Thursday, November 22, 2012

The Grieving Process - How People Deal With Death and Dying

Every one of us is going to die some day; it is the one thing that is common to every human being. Death is not discussed easily, however, even when it involves a family member, a close friend, even a parent.

We have many euphemisms when we want to say someone has died: he 'passed', he 'passed away', he 'lost his wife', and many others.

Typically in western society, when someone dies friends and family members rally, supporting the bereaved person with letters, flowers, phone calls and visits, until the time of the funeral and for a few weeks after. Then frequently everything goes quiet and the bereaved person is left alone to "get over" the death, on their own. The truth is that in the case of a much loved person, be it partner, spouse, parent, child or grandparent, often the lives of those affected by that death are changed forever. You become a different person as you adjust to living without the one who died.

Our attitude can make it very hard for a bereaved person. Take, for example, a man whose wife dies after a long marriage. There will be many aspects of his life that have been taken care of by his partner - starting with cooking meals. Organising a social life - seeing friends and family for outings, dinners etc -is often handled by women and suddenly a man, left on his own, can struggle. He may want to talk to his family and friends, to keep the memory of his wife alive but may fear breaking down and letting others see him cry. He may not be used to confiding in others and may worry about burdening them with his pain. For a woman whose husband dies the situation is similar, although for her the losses could include financial worries and concern over all the things her husband used to see to when he was alive.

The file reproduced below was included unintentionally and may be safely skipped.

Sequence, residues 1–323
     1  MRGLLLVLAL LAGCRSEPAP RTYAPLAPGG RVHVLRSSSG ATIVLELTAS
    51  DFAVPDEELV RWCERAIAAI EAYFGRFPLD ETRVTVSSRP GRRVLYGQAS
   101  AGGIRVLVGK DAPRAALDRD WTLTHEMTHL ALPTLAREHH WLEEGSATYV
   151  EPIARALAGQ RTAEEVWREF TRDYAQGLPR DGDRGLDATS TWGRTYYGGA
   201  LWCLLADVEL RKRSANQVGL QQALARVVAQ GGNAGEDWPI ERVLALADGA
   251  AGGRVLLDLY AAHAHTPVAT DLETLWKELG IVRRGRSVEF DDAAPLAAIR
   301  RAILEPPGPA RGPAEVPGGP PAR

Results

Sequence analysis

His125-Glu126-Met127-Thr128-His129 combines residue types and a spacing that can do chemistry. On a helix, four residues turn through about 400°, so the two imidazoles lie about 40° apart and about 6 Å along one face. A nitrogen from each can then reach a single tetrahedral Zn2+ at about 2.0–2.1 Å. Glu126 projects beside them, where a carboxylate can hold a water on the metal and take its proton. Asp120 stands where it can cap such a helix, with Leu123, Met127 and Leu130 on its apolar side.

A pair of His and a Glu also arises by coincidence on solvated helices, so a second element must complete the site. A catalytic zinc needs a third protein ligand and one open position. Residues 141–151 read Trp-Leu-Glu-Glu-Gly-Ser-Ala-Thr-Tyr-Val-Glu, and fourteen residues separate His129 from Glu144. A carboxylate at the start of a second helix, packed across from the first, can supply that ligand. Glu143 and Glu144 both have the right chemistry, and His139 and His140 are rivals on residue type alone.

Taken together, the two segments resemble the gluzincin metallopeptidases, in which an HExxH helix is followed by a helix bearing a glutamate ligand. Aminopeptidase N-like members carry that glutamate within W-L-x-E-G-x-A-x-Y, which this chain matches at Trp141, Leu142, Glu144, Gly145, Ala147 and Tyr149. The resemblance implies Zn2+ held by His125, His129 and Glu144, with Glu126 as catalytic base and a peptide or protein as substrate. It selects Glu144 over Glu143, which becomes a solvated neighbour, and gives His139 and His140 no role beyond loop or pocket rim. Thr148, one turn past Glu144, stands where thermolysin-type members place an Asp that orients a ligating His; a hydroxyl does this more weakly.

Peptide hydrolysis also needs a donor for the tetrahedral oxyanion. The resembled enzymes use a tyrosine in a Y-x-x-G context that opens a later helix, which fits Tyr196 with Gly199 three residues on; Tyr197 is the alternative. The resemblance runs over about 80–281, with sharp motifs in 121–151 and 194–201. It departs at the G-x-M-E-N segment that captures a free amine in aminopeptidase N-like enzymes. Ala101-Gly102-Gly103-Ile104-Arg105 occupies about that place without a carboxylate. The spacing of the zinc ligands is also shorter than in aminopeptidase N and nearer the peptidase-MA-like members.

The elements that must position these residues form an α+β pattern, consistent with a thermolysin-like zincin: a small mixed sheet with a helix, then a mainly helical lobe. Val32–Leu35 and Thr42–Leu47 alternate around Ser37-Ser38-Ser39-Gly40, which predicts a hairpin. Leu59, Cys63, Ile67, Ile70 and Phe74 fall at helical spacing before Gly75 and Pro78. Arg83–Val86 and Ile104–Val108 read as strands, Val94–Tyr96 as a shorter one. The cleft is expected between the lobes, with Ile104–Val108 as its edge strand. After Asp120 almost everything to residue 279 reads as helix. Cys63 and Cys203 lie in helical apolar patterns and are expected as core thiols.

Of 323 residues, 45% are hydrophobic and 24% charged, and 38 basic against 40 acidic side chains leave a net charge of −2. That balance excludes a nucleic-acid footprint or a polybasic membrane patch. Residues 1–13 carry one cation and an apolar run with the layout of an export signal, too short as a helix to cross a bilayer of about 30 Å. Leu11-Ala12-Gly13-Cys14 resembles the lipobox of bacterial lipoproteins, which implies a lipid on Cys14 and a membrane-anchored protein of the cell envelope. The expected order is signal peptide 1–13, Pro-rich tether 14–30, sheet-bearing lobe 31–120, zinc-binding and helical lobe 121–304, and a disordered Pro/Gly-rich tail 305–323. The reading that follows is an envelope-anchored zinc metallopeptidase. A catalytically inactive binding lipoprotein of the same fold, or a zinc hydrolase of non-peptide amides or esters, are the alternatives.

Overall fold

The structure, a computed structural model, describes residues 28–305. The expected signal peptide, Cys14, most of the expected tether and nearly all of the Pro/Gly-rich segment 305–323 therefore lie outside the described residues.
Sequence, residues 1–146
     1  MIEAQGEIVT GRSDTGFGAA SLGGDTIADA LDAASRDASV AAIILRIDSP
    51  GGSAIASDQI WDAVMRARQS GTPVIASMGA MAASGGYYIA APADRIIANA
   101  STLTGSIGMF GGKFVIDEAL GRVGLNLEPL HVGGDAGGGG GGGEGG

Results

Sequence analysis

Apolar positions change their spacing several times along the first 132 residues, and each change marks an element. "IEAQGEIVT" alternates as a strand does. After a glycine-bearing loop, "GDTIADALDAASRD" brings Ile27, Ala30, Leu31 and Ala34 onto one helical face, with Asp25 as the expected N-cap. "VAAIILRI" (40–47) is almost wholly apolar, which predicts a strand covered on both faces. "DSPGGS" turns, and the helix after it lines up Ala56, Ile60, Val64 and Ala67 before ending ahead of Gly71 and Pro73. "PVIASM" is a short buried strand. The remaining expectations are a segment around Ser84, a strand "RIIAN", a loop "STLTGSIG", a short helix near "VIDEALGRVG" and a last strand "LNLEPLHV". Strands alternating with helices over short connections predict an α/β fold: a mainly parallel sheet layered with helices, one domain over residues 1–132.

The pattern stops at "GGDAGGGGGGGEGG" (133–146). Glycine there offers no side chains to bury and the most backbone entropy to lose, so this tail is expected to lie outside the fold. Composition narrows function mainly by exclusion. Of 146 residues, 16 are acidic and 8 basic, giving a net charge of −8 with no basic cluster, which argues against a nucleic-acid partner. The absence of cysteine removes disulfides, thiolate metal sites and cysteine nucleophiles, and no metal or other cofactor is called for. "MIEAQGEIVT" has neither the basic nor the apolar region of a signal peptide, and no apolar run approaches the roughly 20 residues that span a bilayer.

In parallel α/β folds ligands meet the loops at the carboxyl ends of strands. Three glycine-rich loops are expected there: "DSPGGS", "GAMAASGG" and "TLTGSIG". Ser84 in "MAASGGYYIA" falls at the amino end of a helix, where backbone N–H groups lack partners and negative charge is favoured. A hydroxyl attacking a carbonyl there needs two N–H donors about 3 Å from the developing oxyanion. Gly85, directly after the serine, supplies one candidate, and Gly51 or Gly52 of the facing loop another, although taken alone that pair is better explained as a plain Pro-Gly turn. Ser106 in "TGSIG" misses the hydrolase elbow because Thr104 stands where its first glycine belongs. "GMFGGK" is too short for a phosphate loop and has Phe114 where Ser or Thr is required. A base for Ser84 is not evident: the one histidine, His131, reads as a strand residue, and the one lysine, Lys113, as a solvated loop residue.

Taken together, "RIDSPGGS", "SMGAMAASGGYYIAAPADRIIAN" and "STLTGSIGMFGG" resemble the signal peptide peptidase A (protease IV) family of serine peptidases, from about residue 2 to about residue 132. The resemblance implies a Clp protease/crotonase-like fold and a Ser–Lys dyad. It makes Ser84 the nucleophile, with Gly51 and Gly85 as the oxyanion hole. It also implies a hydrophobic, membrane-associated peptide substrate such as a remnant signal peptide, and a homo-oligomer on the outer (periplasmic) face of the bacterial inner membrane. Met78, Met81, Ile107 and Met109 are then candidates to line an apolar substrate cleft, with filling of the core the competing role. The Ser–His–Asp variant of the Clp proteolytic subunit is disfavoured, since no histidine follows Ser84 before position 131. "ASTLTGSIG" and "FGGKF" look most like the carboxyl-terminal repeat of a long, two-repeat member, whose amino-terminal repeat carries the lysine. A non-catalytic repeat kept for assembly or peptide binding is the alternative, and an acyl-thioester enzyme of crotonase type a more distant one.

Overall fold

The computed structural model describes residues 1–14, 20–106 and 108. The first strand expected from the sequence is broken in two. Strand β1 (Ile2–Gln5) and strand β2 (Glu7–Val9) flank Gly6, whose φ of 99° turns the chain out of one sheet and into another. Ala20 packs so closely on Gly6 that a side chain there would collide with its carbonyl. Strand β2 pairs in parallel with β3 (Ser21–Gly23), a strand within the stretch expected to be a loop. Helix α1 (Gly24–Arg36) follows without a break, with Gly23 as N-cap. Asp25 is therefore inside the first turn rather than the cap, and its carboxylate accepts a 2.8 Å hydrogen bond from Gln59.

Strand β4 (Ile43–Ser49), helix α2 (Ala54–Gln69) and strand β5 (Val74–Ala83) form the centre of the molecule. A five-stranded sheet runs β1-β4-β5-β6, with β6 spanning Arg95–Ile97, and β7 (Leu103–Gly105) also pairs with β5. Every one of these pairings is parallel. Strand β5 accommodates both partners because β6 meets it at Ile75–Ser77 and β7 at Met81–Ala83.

When a parent dies, it is common for young children to be told very little and as a result they are afraid to ask questions. Many children are excluded from the funeral and are not given the opportunity to grieve. When a grandparent dies, others in the family may be prepared for the death, particularly if the person was ill or elderly, while a child may have no understanding that the death was likely. Grandparents occupy a vital role for children at times; young people need to be given the opportunity to grieve.

In our society, suicide is still treated as a taboo topic, rarely discussed. As a counsellor I have worked with several young people whose parent committed suicide. No one ever discussed with them what occurred and as a result they were deeply affected, long-term by the experience. Twenty years later in counselling sessions, a number of clients addressed their wounding.

The loss of a child is always a traumatic event and sometimes leads to the parents' separation, as they struggle with pain and guilt.

As a society we need to learn how to discuss death, openly and with compassion, to help those around us, whoever they are. We need to be brave; simply being there for someone and letting them talk is often all it takes. Death is something we will all experience as part of being human.

No comments:

Post a Comment